Friday, March 13, 2009

Abstract Index Playlist - March 11/09

I unfortunately didn't get to speak with Sublime Frequencies' Alan Bishop when conducting interviews for my recent "state of the world" article. The quotes in the article came from a detailed email interview which was quite interesting. He is rightfully cynical about the methods and motives of many players in the 'world music industry' while maintaining his admiration for the pioneers of the category: labels such as Folkways, Nonesuch Explorer, and Chant Du Monde.

While it is impossible to act completely transparently as an agent bringing musical obscurities to North American audiences, Sublime Frequencies does not over- mythologize its artists by lingering on exotic backstories that make for great editorial copy. One of Bishop's quotes in the interview cuts to the quick of the dilemma of the 'world music journalist' - it's impossible for any one person to have a strong critical knowledge of every single one of hundreds of genres which might end up on one's desk, so the backstory and the circumstances surrounding a recording tend to be written about disproportionately. Bishop said "most journalists are hardly qualified to discuss the music (we put out) simply because they’ve never spent any time listening to/researching it before. They tend to focus on the label itself; its methods, aesthetic, marketing, business practices, etc—or the personalities of those behind the label. This is due to the fact they are not remotely qualified to discuss the music itself seriously. Rarely are we impressed by a journalist’s knowledge of music."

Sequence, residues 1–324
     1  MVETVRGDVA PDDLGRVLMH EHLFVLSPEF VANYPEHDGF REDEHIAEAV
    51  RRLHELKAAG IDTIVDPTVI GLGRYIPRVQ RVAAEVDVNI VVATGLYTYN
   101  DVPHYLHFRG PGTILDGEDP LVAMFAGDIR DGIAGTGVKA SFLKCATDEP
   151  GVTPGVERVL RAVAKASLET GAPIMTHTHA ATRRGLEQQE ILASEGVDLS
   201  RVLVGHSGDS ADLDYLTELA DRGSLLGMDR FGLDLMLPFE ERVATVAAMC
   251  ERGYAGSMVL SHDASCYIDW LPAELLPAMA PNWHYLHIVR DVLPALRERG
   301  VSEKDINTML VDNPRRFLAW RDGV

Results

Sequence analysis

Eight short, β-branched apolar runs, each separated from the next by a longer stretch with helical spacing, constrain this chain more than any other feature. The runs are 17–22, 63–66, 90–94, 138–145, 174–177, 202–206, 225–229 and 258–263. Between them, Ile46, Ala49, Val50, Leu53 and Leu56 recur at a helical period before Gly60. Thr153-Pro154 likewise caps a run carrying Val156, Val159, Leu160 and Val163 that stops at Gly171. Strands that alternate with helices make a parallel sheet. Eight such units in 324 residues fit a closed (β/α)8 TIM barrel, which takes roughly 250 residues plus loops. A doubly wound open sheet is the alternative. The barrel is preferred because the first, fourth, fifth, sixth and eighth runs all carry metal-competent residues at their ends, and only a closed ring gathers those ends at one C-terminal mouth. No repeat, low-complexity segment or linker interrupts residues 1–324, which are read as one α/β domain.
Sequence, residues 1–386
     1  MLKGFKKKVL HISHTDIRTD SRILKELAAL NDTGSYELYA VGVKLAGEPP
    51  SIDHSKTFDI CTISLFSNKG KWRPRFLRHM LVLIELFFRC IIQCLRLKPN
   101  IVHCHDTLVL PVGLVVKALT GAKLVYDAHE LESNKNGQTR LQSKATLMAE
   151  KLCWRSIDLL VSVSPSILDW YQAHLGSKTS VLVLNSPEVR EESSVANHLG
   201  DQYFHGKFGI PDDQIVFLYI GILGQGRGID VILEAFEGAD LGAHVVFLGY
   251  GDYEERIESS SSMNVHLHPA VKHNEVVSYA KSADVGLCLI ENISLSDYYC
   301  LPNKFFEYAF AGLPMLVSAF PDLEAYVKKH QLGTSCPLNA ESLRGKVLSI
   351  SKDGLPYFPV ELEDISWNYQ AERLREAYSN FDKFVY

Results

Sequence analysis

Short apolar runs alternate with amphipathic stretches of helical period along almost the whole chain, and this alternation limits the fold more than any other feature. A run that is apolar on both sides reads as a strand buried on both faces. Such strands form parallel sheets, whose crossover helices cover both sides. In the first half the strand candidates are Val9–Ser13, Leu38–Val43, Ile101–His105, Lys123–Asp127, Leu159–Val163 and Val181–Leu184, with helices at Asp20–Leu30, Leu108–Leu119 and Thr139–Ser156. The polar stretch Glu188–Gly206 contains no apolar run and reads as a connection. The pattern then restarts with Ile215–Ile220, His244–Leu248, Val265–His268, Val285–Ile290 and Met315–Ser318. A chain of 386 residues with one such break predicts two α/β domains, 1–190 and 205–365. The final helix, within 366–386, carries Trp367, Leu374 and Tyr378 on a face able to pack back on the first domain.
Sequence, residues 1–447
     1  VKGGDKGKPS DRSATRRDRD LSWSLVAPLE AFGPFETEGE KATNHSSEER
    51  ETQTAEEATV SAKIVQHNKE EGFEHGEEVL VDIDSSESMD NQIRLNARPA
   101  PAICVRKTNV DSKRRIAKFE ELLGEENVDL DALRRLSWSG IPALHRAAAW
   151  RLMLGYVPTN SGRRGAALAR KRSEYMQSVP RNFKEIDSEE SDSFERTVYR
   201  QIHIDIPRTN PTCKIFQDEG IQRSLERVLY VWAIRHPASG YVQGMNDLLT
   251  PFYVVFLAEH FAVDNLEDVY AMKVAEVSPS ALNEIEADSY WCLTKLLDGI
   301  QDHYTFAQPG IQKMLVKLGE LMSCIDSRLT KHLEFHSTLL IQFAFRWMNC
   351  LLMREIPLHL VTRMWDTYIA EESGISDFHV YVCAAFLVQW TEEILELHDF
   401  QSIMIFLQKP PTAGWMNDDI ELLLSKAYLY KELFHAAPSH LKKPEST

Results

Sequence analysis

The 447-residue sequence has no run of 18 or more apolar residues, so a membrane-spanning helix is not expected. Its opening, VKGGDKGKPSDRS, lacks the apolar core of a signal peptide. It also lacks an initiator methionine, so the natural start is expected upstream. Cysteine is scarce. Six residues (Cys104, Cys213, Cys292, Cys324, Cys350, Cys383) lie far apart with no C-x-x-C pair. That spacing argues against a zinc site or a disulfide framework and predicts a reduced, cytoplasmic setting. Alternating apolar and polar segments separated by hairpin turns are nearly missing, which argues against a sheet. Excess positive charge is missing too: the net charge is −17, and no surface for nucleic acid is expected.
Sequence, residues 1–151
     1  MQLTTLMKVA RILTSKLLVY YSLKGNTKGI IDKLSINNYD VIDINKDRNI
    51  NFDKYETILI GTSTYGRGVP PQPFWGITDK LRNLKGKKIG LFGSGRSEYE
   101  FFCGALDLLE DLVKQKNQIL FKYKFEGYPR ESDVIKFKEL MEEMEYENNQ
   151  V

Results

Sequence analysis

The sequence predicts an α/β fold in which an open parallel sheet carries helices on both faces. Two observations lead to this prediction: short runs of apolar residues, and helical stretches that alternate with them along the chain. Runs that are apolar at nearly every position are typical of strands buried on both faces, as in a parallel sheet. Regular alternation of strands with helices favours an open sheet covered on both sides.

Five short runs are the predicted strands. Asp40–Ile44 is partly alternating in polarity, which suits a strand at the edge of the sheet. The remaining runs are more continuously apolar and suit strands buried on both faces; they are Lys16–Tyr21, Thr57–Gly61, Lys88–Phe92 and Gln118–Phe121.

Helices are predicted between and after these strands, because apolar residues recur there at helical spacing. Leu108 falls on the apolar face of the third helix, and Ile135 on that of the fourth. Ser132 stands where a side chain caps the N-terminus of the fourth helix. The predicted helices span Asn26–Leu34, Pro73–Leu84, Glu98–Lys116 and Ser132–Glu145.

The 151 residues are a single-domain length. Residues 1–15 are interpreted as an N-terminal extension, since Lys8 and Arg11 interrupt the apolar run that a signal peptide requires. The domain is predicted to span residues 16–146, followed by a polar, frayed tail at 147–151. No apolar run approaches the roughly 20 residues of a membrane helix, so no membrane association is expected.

Any music journalist will encounter music they can't get a handle on and one of two things will happen: they'll embrace the challenge and try to find out more about it to convey a more considered opinion, or they'll reject it because they can't understand it and won't try, usually for fear of looking stupid. I'll always take the former path, even if I run the risk of getting it wrong. I'm also guilty as Bishop charged - I haven't said jack about this music yet, I've only written about issues surrounding its distribution. In my experience, music nerds crave this kind of analysis, though it's easy to tip the balance too far in this direction.

As for the disc in question, Group Bombino, from Agadez in Niger, is even more live and lowdown than boogie shuffle of Tinariwen, and the presence of a drum kit reminds me of some of the more successful blues-rock-funk crossover sides of John Lee Hooker or Bo Diddley. Unlike Tinariwen, the recordings are super-saturated with noise which creates sympathetic (or wildly aggressive!) droning throughout the music, occasionally compressing other instruments lower in the mix. At times, as on this week's track, the guitars get into a nearly heavy metal thunder, which makes me wonder whether any Black Sabbath cassettes made it out to the Sahara.

SF wisely pressed this title on LP - Side B is electric, side A is acoustic but no less intense. I'm no vinyl acolyte, but this music sounds so sweet coming off wax... This label continues to do great work not just in celebrating underexplored sounds of the world, but in striking a balance between information and mystery.


blues for c - aki takase/konrad bauer (victo)
perdido - the clarinet summit (black saint)
counter vibes - the uncommitted (no label)
they - ddmmyyyy (we are busy bodies)
jardim dos deuses - joyce, mauricio maestro, nana vasconcelos (far out)
bulgun - ervena orgaeva (smithsonian folkways)
cafe svetlana - ahilea (essay)
ragga mami - shukar collective (eastblok)
broken jazz hands - biblio (5 1/4)
(re) produktiv - professor psygrooves (jarring effects)
eronafene tihoussayene - group bombino (sublime frequencies)
mrs. morris - charles spearin (arts and crafts)
brown dog - pau torres (testing ground)
shrugging into spring - clive bell/sylvia hallett (emanem)
sun cycles - nicole mitchell (delmark)
loonich - radikal dub kolektiv (no label)
one more draw - friendliness & human rights (no label)
to them - smoke (echo beach)
travelling man - digitaldubs & ras mcbean (digitaldubs)
breaking down the pressure - singers and players (on-u sound)
you don't care - cornell campbell (moll-selekta)
the world needs love - tommy mccook (treasure isle)

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